Demolition crew hope TV show is a smashing success
';I think it's going to be a great show,'; Danley said with excitement Tuesday as the crew from Danley Demolition of Fremont prepared for their national debut in NatGeo's new series, ';Bid & Destroy.';
The 12-part series filmed at demo sites around New Hampshire, Maine and Massachusetts over the summer begins with the first two episodes, airing back-to-back at 9 p.m. and 9:30 p.m.
NatGeo announced in March that it was planning a new series based on the Danley crew as they bid on jobs and then hunt for treasures hidden in the buildings before they crumble. Much of the company's financial success depends on the items found after securing the demo contract.
Lee Danley, who started the company with his wife, Rita, in 1993 and has lived in Fremont for the last 15 years, said producing the TV show has been a learning experience for him and the crew, which includes daughter Gina Surrette of Fremont; Todd Drummey of Raymond; Jim Bassett of Sandown; partner Brian Gurry of Massachusetts and his nephew, Eric Gurry; and Kip Walker of Maine.
Like other ordinary folks plucked from the real world and thrown into Hollywood, it took some time for the Danley crew to get used to cameras and producers hanging around their equipment.
As a businessman, the 60-year-old Danley said he's always rushing to get things done as quickly as possible, but he had to take it slow to accommodate the show.
';They learned to catch up and I learned to slow down,'; he said, laughing.
The new series was produced by Leftfield Pictures — the same TV company that produces ';Pawn Stars,'; a hit reality show on History, featuring a pawn business in Las Vegas.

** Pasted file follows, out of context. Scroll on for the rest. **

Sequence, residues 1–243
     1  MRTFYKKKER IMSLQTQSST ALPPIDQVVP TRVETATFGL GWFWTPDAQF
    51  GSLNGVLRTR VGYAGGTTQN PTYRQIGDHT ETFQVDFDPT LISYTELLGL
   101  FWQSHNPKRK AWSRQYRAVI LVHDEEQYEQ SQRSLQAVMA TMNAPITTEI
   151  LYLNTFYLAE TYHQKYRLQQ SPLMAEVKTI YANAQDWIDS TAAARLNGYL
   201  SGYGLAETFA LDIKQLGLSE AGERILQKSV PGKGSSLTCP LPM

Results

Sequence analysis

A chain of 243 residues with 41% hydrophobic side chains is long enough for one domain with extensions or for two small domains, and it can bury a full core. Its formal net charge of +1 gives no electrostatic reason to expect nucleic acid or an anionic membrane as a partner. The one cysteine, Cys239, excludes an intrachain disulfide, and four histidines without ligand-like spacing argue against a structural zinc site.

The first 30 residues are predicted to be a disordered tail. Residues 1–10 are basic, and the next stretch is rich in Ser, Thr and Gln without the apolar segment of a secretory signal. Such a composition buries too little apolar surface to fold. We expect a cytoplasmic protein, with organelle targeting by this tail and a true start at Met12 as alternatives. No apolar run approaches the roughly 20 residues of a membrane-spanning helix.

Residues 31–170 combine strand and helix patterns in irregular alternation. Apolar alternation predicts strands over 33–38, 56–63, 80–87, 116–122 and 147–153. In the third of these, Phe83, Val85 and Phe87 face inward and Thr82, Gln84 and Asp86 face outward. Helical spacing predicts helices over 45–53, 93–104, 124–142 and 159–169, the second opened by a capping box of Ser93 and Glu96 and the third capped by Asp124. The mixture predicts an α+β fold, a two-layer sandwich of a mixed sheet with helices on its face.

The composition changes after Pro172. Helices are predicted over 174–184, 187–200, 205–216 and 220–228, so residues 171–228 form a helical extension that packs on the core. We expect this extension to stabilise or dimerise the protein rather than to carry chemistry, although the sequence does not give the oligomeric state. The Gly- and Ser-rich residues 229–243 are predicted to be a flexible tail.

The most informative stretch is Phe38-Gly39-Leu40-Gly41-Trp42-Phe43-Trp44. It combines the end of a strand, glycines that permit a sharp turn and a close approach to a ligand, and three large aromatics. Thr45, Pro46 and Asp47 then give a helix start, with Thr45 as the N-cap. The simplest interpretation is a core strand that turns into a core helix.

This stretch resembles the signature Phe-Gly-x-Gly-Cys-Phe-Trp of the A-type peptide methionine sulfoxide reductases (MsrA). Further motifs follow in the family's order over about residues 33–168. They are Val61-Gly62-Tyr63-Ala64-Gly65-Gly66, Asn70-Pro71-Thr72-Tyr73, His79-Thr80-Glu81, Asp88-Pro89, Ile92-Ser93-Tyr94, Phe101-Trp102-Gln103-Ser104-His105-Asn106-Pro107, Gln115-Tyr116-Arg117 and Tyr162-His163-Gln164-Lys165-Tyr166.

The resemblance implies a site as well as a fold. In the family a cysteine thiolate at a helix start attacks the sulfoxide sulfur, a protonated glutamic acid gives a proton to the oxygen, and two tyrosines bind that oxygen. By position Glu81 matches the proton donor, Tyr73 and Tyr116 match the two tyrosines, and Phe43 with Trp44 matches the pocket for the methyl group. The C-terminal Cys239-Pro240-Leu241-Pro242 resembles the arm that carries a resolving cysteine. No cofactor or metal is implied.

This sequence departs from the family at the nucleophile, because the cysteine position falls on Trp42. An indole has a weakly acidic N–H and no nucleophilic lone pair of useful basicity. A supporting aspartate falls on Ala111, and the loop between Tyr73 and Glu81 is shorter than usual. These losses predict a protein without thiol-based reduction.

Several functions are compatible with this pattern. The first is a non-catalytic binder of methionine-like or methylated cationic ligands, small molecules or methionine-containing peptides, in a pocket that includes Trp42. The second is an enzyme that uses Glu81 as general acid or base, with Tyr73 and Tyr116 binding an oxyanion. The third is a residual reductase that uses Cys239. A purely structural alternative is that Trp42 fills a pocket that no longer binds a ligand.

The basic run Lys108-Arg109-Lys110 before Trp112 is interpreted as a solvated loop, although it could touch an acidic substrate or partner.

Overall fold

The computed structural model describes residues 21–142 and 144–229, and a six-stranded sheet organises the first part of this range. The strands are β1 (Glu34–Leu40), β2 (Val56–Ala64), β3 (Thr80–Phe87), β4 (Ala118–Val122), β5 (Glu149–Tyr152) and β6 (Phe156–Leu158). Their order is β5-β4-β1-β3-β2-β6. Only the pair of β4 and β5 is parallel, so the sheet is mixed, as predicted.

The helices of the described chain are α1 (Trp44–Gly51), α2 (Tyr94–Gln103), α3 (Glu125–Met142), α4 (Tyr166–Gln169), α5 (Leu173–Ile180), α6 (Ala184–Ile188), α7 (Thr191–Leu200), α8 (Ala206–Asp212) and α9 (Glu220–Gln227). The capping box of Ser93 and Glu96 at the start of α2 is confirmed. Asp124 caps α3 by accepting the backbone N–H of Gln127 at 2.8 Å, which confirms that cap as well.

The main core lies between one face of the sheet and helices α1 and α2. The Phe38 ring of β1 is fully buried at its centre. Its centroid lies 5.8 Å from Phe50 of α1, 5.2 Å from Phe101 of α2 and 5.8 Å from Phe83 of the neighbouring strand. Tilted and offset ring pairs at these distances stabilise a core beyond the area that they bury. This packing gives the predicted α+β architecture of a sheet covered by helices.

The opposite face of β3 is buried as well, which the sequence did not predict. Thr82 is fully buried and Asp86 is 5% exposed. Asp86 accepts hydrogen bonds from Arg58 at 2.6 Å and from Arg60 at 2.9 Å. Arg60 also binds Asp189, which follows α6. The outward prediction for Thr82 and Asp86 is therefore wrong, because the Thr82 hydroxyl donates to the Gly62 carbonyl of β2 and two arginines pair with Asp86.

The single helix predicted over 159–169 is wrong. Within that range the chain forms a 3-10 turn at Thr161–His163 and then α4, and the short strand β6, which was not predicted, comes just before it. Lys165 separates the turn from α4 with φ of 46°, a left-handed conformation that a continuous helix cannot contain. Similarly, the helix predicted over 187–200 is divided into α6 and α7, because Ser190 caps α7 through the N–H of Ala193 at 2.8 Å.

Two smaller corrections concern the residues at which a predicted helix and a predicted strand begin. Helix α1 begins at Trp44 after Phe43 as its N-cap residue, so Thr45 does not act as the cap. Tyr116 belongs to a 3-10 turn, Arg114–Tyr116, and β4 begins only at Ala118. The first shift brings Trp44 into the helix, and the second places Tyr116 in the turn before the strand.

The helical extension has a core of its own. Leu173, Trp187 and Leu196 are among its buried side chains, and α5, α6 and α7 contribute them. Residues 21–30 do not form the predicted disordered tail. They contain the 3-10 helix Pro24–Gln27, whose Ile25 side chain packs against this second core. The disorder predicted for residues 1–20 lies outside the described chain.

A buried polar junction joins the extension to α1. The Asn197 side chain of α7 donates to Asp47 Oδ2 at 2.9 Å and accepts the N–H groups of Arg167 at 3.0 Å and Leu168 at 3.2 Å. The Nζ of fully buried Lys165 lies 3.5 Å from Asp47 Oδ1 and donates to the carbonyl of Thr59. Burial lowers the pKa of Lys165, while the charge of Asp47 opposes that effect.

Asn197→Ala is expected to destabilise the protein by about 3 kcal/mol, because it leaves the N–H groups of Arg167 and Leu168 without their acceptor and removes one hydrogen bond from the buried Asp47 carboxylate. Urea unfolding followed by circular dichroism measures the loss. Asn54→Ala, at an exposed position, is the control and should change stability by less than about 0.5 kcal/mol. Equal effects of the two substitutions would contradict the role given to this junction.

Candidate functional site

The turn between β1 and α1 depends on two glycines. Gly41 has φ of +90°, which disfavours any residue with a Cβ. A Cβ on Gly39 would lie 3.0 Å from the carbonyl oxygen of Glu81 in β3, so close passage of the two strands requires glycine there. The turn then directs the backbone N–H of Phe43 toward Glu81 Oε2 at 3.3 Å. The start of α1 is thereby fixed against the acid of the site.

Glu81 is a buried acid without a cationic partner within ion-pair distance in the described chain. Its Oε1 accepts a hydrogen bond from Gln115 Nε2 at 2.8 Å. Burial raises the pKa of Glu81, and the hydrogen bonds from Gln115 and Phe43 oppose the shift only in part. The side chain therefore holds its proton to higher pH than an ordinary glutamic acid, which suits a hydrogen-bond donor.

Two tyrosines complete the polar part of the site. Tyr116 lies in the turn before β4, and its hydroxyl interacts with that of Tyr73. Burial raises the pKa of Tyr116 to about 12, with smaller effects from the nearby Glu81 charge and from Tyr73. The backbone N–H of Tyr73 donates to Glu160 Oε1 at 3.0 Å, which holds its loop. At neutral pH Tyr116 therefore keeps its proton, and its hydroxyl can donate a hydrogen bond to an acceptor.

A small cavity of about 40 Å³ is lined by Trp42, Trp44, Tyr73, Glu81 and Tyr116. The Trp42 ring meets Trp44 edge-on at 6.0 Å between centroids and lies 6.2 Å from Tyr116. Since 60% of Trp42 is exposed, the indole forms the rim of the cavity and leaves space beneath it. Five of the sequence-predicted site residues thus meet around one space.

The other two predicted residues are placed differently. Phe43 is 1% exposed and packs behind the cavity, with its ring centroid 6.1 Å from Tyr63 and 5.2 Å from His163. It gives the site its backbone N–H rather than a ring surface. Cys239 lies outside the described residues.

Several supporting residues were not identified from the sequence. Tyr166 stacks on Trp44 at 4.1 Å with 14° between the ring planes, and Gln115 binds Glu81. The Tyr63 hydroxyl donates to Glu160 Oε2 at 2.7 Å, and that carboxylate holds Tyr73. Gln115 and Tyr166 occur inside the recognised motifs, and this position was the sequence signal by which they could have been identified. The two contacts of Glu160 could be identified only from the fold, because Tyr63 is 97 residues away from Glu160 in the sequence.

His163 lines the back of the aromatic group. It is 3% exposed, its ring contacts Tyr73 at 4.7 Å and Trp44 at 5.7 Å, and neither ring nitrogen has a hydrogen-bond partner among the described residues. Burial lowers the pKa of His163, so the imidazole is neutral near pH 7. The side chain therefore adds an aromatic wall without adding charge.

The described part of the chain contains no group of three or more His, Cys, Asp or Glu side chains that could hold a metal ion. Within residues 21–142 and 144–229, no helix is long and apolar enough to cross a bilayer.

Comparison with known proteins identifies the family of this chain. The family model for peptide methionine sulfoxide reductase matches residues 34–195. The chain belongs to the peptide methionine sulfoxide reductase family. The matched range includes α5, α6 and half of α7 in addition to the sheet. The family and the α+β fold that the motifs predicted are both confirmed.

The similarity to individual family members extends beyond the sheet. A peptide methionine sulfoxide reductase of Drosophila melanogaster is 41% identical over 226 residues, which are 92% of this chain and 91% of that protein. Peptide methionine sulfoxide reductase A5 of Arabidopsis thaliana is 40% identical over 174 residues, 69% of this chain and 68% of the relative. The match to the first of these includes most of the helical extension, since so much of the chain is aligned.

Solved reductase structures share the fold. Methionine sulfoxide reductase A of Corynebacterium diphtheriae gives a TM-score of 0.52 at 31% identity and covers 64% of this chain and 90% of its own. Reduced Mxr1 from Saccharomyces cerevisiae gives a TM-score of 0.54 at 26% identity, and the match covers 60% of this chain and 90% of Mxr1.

The 12 episodes of ';Bid & Destroy'; were expected to be filmed in about three months, but he said it was more like six.
The first episode airing at 9 p.m. is called ';The Toilet Farm'; and features the crew as they head to Manchester to tear down an abandoned boarding house. Before the demo work began, Danley said they made an unusual find on the property: two dozen toilets piled up in the garage.
In the second episode at 9:30 p.m., ';The Cash Factory,'; cameras follow the crew to Claremont where they demolish an old paper mill and 16-story metal smokestake.
Other episodes will feature a 150-year-old haunted house with an old scythe in the yard and cages in the basement. Later they'll show up at a farmhouse being demolished to make way for a parking lot, but inside they discover items that include an old bell, a ';strange'; German typewriter, a doodle bug tractor, and a safe with potentially valuable possessions locked up inside.
Other sites uncover valuable sports memorabilia, a classic Oldsmobile Cutlass 442, and a small cannon.
While Danley has returned personal items like family photographs and stocks and bonds he's found at job sites, he said the company takes possession of items discovered on the properties after the owners sign a contract giving Danley salvage rights.
';You never know what's going to be there. It's exciting to find things people have forgotten about and left behind,'; Danley said. ';Ninety nine percent of the time I'm working for somebody who picked up the property and they don't care. They just want to get rid of it and they don't want to go through it.';
The Danleys have planned a private premiere party tonight.
';All of my friends are excited. All of my family is excited. Everyone's excited and they can't wait to see the program,'; Rita Danley said.
While everyone's hopeful the show will be a success and will lead to a second season, Lee has quickly learned that in TV, it's all about the ratings.
';We won't know until the ratings come in,'; he said.
But no matter what happens with their show, Danley said he and his crew have enough demo work to last them through the end of December.
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Jason Schreiber may be reached at firstname.lastname@example.org.
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